"The President's Executive Order is also a dangerous precedence because if it would take an executive order for governors to comply with the constitution, it is actually a threat to constitutional fidelity.

In another reaction, the Convener, Concerned Nigerians, CN, Deji Adeyanju, condemned the action and said the President was attempting to amend the constitution with the Executive Order.

"The President giving an Executive Order granting financial autonomy to state legislature and judiciary as noble and commendable as it is, is unconstitutional. It contravenes the provisions of the constitution," he said.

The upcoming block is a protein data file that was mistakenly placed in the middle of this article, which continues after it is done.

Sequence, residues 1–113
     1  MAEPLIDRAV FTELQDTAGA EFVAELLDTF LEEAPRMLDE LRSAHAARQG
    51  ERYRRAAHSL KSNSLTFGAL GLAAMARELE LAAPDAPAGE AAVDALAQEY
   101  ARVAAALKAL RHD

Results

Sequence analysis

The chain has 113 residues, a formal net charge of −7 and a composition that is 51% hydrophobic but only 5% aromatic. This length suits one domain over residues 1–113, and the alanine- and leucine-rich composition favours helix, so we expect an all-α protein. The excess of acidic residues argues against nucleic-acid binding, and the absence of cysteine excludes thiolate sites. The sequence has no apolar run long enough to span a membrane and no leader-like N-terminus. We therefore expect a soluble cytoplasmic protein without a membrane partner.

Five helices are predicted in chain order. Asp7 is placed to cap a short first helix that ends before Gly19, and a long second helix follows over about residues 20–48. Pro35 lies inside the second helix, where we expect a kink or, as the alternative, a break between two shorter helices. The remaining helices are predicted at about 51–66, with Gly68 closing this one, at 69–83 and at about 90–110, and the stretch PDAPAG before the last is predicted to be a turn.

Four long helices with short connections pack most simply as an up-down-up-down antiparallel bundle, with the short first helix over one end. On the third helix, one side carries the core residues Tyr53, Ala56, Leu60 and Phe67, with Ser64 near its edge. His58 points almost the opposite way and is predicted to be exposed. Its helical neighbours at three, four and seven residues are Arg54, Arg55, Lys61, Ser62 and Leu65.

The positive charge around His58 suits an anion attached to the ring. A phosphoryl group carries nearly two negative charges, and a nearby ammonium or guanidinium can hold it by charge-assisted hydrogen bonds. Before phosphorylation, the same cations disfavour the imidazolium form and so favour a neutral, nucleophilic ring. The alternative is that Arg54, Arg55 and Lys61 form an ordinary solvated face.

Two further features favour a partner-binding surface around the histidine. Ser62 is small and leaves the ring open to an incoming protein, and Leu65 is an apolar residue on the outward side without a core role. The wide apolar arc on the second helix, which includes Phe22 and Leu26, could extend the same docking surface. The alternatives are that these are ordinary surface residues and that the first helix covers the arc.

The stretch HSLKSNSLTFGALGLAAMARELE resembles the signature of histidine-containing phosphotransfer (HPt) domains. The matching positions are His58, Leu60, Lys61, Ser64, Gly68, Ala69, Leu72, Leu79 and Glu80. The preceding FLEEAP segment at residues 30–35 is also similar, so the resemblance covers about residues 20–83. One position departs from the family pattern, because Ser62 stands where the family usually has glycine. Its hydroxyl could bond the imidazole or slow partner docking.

Convener, Coalition in Defence of Nigerian Democracy and Constitution, Ariyo-Dare Atoye, decried the action of the President, saying: "The decision of the President to use an Executive Order to appropriate what the constitution has already provided for is not only superfluous but also represents the display of a dangerous act that is capable of undermining the grand norm, and put democracy in jeopardy.

"As a matter of serious concern, the people should be weary and the National Assembly should thoroughly investigate this faux pas, as to whether it was done to deliberately override the constitution, or the Attorney General of the Federation (who advises the President on matters of law) has become grossly incompetent or legally impaired, and should because of this anomaly and many more in the past, tender his apology and resignation."

Vanguard